Dreams have been a huge part of my process, helping me to work through and understand parts of the unconscious, so I’m not surprised in the slightest to immediately fall into a meaningful dream.
I’m in a restaurant with my man, Leighton, and we are sitting on the ground, two young lovers looking for some peace and quiet and trying to avoid being seen by anyone. Then I see my Pop sitting cross-legged along the wall and I’m so glad to see him!
In that instance I know I’m dreaming because my Pop (Granddad) died last December. It’s the first time he’s come to me in a dream and I’m over the moon to see him.
“Pop!” I call out and Leighton and I move over to a room where Pop is, kind of like an attic. I ask Pop how he is and he says something’s been bugging him on his right side, and that’s why he’s still hanging around the earth plane.
As we’re talking, I start to vomit and this long tendril-like thing comes out of me—like a deep plant root. I vomit it all out, somewhat embarrassed to be doing this in front of Leighton, but I know it’s necessary.
Finally it comes to the end and I know this because there’s tiny roots at the bottom of the tendril. There’s now a pile of plant-like material in front of me, almost as high as I am. That came out of me?
I turn back to Pop and say something about how,
“That’s the genetic line of the Grants, I’ve seen this in Dad and I’ve seen it in Pop too, and he should feel much better now. Whatever it was we were carrying, it’s gone now.”
That’s when I wake up—enough to note the dream, to really pay attention to it. I go over it in my mind’s eye, paying attention to all the details. And then I fall back asleep again.
This morning, the energy has all settled and I feel very clear and energetic. Something has shifted inside me and I feel more balanced, like I’ve come more into my right side. It’s a clarity that persists for the rest of the day.
Whatever it was that needed to move, has moved.
The information from the dream is interesting—something genetic (on Dad’s side of the family?)—but also not important. There’s no need to figure out what it means exactly. All that matters is that the energy has moved through and out.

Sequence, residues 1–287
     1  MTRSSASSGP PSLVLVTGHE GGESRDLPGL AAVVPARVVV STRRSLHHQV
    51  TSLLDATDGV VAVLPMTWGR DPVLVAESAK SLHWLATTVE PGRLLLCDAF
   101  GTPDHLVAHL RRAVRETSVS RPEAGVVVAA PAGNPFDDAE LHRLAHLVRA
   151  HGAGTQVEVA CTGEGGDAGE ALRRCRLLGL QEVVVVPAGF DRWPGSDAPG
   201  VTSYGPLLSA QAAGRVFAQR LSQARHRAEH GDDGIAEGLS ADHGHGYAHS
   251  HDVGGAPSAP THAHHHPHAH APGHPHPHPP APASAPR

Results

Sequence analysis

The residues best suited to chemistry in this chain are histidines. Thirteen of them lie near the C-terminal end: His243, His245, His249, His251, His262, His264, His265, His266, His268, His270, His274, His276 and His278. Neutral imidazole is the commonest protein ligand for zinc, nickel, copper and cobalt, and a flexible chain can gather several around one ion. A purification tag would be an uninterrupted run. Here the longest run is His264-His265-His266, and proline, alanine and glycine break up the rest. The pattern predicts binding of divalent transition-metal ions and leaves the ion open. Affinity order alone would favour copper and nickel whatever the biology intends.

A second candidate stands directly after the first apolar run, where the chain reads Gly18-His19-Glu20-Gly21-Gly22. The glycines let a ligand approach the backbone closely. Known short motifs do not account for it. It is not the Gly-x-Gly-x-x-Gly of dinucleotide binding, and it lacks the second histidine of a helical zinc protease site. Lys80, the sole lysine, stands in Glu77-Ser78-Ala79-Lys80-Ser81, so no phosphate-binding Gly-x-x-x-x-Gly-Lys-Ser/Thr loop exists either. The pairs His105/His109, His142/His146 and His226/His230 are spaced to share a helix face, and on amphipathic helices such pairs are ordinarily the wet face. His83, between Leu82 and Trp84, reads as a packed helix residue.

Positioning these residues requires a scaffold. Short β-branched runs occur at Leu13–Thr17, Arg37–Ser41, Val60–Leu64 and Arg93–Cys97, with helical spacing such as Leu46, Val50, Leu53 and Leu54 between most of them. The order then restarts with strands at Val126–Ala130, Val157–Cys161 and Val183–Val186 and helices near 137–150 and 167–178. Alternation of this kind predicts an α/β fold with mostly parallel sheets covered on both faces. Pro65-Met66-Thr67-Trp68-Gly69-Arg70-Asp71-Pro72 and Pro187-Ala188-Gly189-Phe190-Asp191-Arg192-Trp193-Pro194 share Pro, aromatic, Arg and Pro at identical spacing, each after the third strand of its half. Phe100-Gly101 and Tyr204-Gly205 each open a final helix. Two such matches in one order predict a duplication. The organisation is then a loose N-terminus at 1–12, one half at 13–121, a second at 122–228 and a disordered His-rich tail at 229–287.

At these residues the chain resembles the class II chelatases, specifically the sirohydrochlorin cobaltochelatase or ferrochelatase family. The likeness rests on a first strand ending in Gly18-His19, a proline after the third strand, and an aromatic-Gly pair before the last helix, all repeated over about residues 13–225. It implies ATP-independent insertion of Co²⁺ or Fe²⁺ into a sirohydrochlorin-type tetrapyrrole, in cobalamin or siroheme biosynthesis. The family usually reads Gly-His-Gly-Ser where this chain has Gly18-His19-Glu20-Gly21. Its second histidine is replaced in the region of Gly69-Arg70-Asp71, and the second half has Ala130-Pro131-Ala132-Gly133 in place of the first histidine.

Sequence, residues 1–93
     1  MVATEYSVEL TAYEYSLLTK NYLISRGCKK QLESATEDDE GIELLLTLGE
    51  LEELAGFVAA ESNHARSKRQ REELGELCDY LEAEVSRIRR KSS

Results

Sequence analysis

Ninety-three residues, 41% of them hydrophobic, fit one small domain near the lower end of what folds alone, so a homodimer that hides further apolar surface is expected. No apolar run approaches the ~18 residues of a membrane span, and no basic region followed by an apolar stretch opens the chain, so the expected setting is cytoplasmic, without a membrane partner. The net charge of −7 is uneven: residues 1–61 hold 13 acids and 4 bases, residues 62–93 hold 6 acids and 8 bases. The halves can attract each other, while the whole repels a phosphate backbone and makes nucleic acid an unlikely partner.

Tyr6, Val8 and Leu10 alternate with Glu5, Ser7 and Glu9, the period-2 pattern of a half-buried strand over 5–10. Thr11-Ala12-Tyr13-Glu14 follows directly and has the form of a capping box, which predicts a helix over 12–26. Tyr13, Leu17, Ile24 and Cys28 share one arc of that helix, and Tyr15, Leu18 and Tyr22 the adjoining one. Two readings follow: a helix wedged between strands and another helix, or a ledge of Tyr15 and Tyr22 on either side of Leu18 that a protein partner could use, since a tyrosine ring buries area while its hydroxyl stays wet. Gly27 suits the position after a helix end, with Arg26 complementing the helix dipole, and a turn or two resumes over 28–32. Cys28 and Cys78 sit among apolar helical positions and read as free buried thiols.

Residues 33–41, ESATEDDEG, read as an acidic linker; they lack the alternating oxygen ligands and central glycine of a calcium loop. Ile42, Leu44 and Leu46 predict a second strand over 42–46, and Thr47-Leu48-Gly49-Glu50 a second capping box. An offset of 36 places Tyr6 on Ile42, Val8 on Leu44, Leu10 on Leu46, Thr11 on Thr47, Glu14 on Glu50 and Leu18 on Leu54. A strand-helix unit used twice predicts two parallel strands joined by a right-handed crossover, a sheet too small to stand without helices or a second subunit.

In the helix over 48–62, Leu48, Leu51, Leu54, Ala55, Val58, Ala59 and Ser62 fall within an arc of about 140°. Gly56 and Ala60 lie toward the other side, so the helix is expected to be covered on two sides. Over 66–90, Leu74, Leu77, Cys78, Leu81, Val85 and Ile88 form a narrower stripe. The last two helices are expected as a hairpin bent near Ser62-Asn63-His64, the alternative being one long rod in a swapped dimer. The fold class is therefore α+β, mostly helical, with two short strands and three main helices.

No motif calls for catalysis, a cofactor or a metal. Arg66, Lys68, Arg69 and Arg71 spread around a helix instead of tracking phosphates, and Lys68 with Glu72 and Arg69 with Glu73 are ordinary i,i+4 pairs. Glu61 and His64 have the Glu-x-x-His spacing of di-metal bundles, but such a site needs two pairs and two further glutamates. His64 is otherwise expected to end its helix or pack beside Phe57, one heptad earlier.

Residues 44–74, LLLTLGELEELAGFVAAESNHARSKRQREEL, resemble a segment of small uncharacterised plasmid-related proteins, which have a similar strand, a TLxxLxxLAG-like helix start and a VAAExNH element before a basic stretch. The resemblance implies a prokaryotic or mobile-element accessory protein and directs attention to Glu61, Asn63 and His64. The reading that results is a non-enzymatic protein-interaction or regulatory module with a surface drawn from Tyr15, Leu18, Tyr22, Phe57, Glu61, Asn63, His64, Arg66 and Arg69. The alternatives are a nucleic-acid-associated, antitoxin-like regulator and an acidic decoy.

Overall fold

Earlier in the evening, I had broken two out of the three plates that my Nana passed down to me (Pop’s wife). I was shocked when they broke—they were beautiful pieces of crockery, but I’d made the decision to put them into every day use so I could enjoy them daily. I stood and held the broken pieces for a moment or two, wondering at all they’d seen in my Nana and Pop’s life. Coincidence? Or somewhat relevant. I know what Jung would say.
But still, I let it all go. This too is a crucial part of the awakening process—not attaching too much importance to anything that happens, just allowing it to move through without creating new stories, or new ego constructions.
This is the process of Kundalini as I know it. A multi-dimensional experience that is mostly an un-doing, or letting go.
It’s the dissolution of the ego, like pulling on tiny threads and unravelling something, bit by bit, bit by bit. Afterwards, I always feel clearer and lighter. Something has left me, something that wasn’t “me” in any sense of the word.
If you don’t understand this though, Kundalini can be a frightening experience.
The energy I was experiencing that night was intense. The headache was painful, and the more I resisted it, the worse it got. If you didn’t know what was happening, you could easily get stuck on trying to stop it, or fix it, or stuck on trying to figure out what it was all about. All of that can block the process and make it worse.
Instead, I’ve learned to accept whatever is happening. Oh, there’s intense energy moving right now.
Then I ask what it needs. Oh, I need to just stop and let it move through me.
Finally I surrender to that flow, getting myself out of the way as much as possible. Keep letting go, keep softening, keep releasing.
I pay attention to whatever insights might arise during this time, but I also don’t give them too much importance. The mind likes to attach to things, or make them bigger than they really are. This in itself can get in the way of a clear process.
It’s Sunday night now, two days since that experience, and I still feel clear and clean. It does feel like something profound has shifted or lifted in me. Kundalini is still there, in a soft and subtle way. It’s more obvious when I stop to practice yoga or meditate. Not insistent though.
There may be nothing more dramatic for months. Or something may come up next week. I don’t know.
What I do know is I can trust my intuition in working with Kundalini, and I can trust Kundalini itself. It’s just an ordinary part of life—my life.
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Ed: Catherine Monkman